That’s because Katie’s parents hosted the reception in the backyard of their beautiful three-acre property in Chadds Ford, Pennsylvania. Their home is nestled on top of a hill, surrounded by various tall trees, and it overlooks what seems like a never-ending wooded expanse to the south. A pretty awesome spot to have your wedding reception, if you ask me, even if it took Butch, Susie and others several months to prep for the Big Day on Oct. 2, 2010.

Back to Butch’s reception toast, he went out of his way to single out my father, because my father in unique in a certain way: He loves doing yard work, and he loved helping make sure Butch and Susie’s yard was “ready for its close-up.”

That is no joke. He really loves it, and that was the extent of Butch’s message. He couldn’t believe how much my father enjoyed the yard work, couldn’t thank him enough, and said he was welcome to come back in future years whenever he wanted.

Well, with no backyard weddings to plan for (none that we know of, yet…), Katie and I have had The Real Yard Crasher and his hedge clippers all to ourselves.

Take a look at his work from over the weekend, tackling the overgrown, out-of-control hedges along the street-side of the house. (Keep in mind he did this in only 2-3 hours–I was mowing the lawn and let him do his thing, I promise.)








Thanks, Dad! And just like Butch, I’ll raise a glass and say, “You’re welcome any time!”

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Previously on suburbanstarter, I finally found our curtain hardware and long-enough panels and spray painted said hardware.  At long last, I could get to the real business of attaching that shizzle to the wall and calling it a day.  So I did… but, obviously, not without a couple more hiccups.

See, the window in my “dressing room” is not centered on the wall, so I considered cheating it a bit and having the rod extend further on one side of the window than the other to give the illusion of a centered window.  Then I was like, meh, it’s not like it’s ever bothered me, so I’m not going to fight it.  I did, however, want to make sure my curtains wouldn’t block a lot of light from the windows when they were pushed to either side, so I threaded one of my curtain panels onto a rod a took a loose measurement.  I estimated I’d need to mount my brackets 16″ from the window.  Here’s my first bracket – so exciting!!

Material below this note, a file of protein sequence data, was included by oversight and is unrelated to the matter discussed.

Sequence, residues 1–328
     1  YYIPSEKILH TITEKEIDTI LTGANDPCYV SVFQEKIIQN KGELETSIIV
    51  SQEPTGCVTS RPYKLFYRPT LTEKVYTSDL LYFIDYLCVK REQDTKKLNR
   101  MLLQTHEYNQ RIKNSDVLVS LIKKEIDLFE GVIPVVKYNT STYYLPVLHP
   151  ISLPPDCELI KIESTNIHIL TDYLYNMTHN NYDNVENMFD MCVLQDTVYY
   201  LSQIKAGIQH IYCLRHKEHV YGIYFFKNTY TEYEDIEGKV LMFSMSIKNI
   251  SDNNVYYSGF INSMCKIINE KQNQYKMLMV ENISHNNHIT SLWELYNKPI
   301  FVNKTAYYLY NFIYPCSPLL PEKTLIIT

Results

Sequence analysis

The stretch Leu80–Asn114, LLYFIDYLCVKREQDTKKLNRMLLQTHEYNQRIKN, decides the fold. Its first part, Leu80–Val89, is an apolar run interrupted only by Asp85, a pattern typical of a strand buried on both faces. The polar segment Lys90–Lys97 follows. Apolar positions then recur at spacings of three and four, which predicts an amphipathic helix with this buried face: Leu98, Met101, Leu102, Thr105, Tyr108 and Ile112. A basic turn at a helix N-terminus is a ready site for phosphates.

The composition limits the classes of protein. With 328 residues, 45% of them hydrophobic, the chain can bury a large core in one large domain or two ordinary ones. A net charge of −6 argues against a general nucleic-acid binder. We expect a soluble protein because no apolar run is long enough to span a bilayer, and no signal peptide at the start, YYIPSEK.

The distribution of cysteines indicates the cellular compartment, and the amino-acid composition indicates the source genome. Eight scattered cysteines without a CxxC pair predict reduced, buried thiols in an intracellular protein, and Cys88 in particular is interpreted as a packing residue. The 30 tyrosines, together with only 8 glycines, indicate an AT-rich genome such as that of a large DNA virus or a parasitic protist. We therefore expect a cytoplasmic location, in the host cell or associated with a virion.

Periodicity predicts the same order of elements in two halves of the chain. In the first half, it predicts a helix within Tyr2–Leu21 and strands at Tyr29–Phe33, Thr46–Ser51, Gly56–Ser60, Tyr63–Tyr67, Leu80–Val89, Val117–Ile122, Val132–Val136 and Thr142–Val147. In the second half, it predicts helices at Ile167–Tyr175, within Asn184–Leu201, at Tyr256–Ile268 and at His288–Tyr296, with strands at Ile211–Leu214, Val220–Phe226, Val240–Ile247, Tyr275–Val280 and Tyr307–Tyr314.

I used a level and a measuring tape to mark where to drill for the bracket on the other side of the window, and was about to put power drill to drywall, when I thought to myself, “is my curtain rod this long?”  Um, no.  No it is not.  Curses.

So guess what?  I decided my rod would extend further on one side of the window than the other.  I’d already thought about doing it, so why not?  My lack of forethought made the decision for me.  First bracket: 16″ from window.  Second bracket: 11″ from window.  No biggie.  Crutain rod in brackets?

Womp womp.  Brackets too far apart = overextended rod + no center support = droop city.  Fortunately, I have two more similar rods in longer lengths that had been destined for the living and dining rooms, but at this point, I said to myself, “there are going to be curtains on this window by the time Andrew comes home.”  Of course, I hadn’t bothered to spray paint those rods yet because I hadn’t been planning to hang them.  Here’s a detail shot of the sprayed bracket supporting the unsprayed rod and finial:

Argh.  Oh well, at least the part that’s connected to the wall is painted, and the rod and finial are easy to take down and spray at a later time.

It turns out that 16″ was too generous on the left side, so I have to take a little care to leave that curtain panel “full” when it’s open and try to mirror the look on the right side.  The linen panels ended up being the winners in here, and they obviously need ironing or a wash-and-dry cycle.  I didn’t use the hem tape (yet?) because I ended up liking the panels pooled a little bit on the floor.  I could end up changing my mind on that at some point (like when the curtain bottoms start getting too dusty for me to stand it anymore), but for now, I think they look sort of…. glamorous?  Dramatic?  Something.  On this side of the room, I still need to hang artwork to the left of the newly-dressed window, reupholster the little footstool, paint(?) the big chest of drawers, and replace/reupholster(?) the armchair.  On the other side of the room, the closet needs work, but that’s another story for another day.

Just for fun, here’s a shot of this room from when we bought the house:

It’s blurry, but I hope you can see that the walls were pink, there was a glass light fixture that was sort of billiards-hall-esque, and there were plantation shutters and a valance on the window.

Here’s a shot circa January 2011:

Can you say “clutter”?  At least I had swapped out the valance for an actual curtain and ditched the red glass light fixture and plantation shutters, but I have to say I’m glad it doesn’t still look like this.  Progress is a beautiful thing.